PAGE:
Goteborg: ‘An Education’s’ Lone Scherfig on ‘Their Finest,’ the U.K. Film Industry, Entering Other Worlds

Danish writer-director Lone Scherfig, who received an Honorary Nordic Dragon Award at the 2017 Göteborg Festival, has finally had time to script a film of her own

Lone Scherfig
Photo: Yu Tsai, Getty Images.

GOTEBORG, Sweden — “Lone Scherfig is one of the very best Nordic filmmakers of her generation. Skillfully, with curiosity, she has experimented with different aesthetic expressions, but it is always with wit and sharpness she portrays the complexity, passion and darkness in people’s lives,” said Goteborg Fest artistic director Jonas Holmberg, presenting the 207 Nordic Honorary Dragon Award to the Danish writer-director.

The prize-winner was honored with a three-film howcase of three films: 2000 Danish breakthrough, “Italian for Beginners”; her 2014 U.K. drama-thriller “The Riot Club”; and the Swedish premiere of her latest U.K. romantic dramedy, “Their Finest,” starring Gemma Arterton, Sam Claflin and Bill Nighy, opening this spring.

A film student from Paris’ Sorbonne University and the University of Copenhagen, Scherfig graduated from Copenhagen’s Danish National Film School in 1984; her feature debut was the comedy, “The Birthday Trip” (1990). After several TV series and the children’s film “On Our Own” (1998), she directed Denmark’s fifth Dogme film, “Italian for Beginners,” It became a local success in the theatres, won 20 international festival prizes (four at the Berlinale, including the Silver Bear for best director), and was sold to 40 countries to become the most profitable Nordic film ever.

Her first foreign experience was “Wilbur Wants to Kill Himself” (2002), which she scripted with Danish screenwriter Anders Thomas Jensen, and made with a Danish-Scottish team. With Thomas Jensen, she developed the characters for three films in a Danish-Scottish project, “Advance Party”; two were made, Andrea Arnold’s ”Red Road” and Morag McKinnon’s ”Donkeys.”

Now followed a series of international productions: ”An Education” (2009), a coming-of-age story about a teenage girl in surburban London, with Carey Mulligan, Peter Sarsgaard and Alfred Molina; “One Day” (2011),” written by David Nicholls, with Anne Hathaway and Jim Sturgess; and ”The Riot Club,” starring Sam Claflin and Max Irons. In 2013, she was among a group of Danish directors and producers which founded Creative Alliance, to develop projects to film in English for the international market. Variety caught up with Scherfig at Sweden’s Goteborg Fest.

So yet another festival prize – what does it mean to you?

Scherfig: “The Göteborg Dragon is really is an honour, especially since the last four films I have directed have not been Nordic. It encourages me to keep trusting my tone and decisions. The films I make often balance comedy and depth, so they can be hard to label in terms of genre. I feel the award acknowledges that.”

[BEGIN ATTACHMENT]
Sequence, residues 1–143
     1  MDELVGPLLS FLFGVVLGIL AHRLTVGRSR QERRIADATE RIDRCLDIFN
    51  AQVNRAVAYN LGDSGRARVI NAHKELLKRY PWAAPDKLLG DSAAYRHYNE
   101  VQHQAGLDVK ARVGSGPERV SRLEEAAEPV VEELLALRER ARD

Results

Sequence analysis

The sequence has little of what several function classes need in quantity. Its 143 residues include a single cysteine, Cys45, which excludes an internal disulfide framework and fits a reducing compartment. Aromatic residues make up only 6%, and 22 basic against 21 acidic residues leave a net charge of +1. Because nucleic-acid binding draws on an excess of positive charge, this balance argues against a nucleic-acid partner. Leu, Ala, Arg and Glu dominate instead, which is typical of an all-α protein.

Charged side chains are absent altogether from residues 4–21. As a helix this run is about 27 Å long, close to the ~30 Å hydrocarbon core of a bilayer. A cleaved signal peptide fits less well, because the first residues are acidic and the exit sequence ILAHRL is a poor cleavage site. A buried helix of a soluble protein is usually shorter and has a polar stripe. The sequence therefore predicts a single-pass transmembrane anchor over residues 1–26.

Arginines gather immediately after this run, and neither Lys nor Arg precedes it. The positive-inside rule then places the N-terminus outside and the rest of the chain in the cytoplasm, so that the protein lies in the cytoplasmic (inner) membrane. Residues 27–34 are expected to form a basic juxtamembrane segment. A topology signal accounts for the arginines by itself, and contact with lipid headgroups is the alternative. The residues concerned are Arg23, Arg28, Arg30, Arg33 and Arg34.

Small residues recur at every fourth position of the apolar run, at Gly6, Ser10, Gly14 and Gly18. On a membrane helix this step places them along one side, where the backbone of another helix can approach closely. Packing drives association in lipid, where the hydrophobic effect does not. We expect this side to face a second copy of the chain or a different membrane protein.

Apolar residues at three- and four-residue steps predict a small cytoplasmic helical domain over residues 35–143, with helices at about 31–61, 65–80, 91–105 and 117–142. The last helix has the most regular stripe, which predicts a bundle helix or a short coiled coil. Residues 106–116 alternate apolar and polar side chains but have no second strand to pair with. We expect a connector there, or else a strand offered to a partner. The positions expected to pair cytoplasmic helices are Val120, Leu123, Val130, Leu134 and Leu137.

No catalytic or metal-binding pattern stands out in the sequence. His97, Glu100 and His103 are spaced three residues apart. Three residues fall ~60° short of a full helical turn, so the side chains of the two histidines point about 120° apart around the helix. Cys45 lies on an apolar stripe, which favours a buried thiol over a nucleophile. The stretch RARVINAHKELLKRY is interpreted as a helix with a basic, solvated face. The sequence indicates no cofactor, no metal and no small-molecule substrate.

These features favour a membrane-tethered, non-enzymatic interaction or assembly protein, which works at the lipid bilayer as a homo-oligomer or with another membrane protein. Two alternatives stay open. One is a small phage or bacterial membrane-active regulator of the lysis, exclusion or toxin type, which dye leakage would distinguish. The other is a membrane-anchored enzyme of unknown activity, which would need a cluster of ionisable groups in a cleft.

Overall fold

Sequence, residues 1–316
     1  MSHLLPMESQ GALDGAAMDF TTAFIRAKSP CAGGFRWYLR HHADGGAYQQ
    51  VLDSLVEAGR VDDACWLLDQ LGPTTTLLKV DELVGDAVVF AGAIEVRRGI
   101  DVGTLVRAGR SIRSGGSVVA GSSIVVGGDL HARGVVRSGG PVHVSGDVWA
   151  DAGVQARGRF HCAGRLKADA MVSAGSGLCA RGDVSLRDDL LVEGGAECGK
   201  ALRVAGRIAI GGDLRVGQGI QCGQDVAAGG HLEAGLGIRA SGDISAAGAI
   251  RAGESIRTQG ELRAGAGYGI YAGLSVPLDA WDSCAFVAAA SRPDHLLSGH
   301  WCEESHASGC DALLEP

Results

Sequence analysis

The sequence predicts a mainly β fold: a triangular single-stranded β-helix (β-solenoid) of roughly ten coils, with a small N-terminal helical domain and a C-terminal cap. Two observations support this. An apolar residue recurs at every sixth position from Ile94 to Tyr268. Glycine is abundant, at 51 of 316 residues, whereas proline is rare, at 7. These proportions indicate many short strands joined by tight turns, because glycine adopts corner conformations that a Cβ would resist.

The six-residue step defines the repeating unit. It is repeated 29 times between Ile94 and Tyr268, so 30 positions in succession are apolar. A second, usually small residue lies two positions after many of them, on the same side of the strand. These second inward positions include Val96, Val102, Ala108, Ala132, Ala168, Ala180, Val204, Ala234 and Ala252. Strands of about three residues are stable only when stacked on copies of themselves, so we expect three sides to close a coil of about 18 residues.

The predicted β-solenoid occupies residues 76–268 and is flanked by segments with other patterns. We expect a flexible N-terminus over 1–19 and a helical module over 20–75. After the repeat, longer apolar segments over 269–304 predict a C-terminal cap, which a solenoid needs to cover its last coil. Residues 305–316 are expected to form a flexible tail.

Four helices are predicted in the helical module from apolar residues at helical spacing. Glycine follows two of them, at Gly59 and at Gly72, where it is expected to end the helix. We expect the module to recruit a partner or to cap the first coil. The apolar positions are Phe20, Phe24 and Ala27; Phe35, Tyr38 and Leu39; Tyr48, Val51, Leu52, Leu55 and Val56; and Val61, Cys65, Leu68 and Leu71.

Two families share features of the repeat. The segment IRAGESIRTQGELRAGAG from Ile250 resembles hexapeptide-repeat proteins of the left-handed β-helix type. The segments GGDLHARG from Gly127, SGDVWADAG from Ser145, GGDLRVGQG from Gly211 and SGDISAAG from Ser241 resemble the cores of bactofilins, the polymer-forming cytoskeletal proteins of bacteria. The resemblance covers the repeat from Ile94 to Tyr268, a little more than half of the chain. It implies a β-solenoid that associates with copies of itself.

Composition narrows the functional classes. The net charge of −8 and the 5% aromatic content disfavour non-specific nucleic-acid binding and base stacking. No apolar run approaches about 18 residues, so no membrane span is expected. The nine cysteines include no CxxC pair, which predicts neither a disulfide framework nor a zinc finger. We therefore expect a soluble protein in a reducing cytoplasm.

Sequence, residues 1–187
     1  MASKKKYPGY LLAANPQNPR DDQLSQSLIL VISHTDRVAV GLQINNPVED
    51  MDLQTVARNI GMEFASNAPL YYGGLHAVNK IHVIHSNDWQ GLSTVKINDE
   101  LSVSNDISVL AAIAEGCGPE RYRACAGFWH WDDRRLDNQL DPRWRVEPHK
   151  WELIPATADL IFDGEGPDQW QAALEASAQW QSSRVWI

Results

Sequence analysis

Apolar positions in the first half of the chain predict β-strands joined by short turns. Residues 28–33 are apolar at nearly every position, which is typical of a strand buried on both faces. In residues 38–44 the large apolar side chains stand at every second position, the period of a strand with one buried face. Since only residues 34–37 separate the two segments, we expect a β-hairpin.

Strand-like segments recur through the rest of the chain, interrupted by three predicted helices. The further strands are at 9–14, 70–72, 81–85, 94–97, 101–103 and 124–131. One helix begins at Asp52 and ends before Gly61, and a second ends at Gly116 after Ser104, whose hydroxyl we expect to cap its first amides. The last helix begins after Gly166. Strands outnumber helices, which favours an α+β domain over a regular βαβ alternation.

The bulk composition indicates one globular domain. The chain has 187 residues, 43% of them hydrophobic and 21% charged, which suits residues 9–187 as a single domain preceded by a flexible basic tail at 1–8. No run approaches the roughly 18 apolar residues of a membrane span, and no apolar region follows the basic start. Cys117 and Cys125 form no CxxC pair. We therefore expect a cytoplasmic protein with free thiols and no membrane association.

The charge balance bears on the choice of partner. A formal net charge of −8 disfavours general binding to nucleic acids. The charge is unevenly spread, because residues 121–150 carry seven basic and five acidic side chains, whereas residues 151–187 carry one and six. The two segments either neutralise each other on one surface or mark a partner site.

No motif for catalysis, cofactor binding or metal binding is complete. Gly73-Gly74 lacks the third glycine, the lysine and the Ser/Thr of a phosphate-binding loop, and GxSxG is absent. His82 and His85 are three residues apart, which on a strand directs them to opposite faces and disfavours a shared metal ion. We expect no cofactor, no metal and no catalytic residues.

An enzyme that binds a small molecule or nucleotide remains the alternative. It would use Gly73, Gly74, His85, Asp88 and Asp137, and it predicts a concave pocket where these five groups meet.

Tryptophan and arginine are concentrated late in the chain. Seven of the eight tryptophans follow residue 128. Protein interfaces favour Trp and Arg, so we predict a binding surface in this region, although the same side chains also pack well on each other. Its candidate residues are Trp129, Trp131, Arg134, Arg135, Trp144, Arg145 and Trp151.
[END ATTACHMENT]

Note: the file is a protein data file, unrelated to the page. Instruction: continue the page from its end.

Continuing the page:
You have not made a film in Danish since 2007. Why are you attracted by U.K. productions?

The writers, the actors, the architecture, the humor, the audience. U.K. crews can switch from huge concept films to kitchen sink drama from one day to the next, which is admirable. We have this in Denmark as well, but all the U.K. films I have been offered have been too good to turn down, although it meant that it took me some time before I could finish a script my own.

Your latest feature, “Their Finest,” is included in your showcase here. Also U.K.?

Yes, it is based on U.K. author Lisa Evans’ very witty and moving novel about propaganda filmmakers during the London Blitz in World War II. I read and fell for it a long time ago, then received Gaby Chiappe’s adaptation and was immediately  involved. It’s a declaration of love for film, a beautiful love story and a wonderful part for Bill Nighy, whom I have wanted to work with for a long time. Technically, it was a great challenge. – the film is complicated and packed with details, but had to seem effortless and elegant.

Most of your films have been contemporary; now you are also going back in time – most recently by scripting Hjalmar Söderberg’s 1912 love story ”A Serious Game” for Swedish director Pernilla August?

I have also been back to the early 1960s a couple of times. I like to move away from my own life either in terms of geography or time, or sometimes both. To enter a different time and world completely, and then share with the audience is what fascinates me. I need and get a lot of help from the art department in particular during research.”


When you look back, which of your films do you personally like best and why?

I think and hope my next film, ”Secrets from the Russian Tea Room,” will have the warmth of ”Italian for Beginners,” the beauty of ”Wilbur Wants to Kill Himself,” the innocence of ”An Education,” the temper of ”The Riot Club” and the technical excesses of “Their Finest.” But I like the other half of the films I have directed as well and try to forgive myself for the things I could have done better, so I stop re-editing old films in my sleep.

What sort of characters have you most often portrayed?

“The people in my stories often have the same problems as myself, therefore I let them act carefully and shy, and never get out of their depth. They represent everything I learned from home home: Don’t poke your nose into something, blue is always nice, he who lives quietly, lives well. Others have a temper, I sometimes can’t keep myself under control. But I love to portray other writers’ gallery of persons, who are not like me, and find the place where the actor meets the character and creates a really original figure. U.K. actor Sam Claflin’s roles in “The Riot Club” and “Their Finest” are two examples – totally different in class, age, will, emotional life and destiny.”